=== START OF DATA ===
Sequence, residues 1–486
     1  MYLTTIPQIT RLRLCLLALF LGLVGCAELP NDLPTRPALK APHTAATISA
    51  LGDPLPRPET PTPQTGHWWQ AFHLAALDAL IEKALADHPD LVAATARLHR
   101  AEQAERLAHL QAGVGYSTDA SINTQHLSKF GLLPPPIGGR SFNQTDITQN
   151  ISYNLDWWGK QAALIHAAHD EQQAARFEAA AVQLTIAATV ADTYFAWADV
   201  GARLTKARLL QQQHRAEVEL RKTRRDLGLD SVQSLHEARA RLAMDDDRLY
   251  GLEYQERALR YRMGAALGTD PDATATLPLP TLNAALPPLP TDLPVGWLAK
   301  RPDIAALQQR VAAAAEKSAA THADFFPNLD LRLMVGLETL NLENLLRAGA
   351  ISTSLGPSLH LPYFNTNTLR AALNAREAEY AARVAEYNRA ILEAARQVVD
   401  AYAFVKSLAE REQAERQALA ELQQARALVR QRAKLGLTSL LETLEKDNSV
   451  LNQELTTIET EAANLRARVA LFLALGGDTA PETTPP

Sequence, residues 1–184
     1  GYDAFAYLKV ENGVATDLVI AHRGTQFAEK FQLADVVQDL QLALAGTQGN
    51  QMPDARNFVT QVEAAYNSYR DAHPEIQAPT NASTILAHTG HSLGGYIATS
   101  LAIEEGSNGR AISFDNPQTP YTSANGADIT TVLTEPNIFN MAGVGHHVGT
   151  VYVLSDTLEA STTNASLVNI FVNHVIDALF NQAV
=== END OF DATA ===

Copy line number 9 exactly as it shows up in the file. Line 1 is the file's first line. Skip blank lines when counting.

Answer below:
   351  ISTSLGPSLH LPYFNTNTLR AALNAREAEY AARVAEYNRA ILEAARQVVD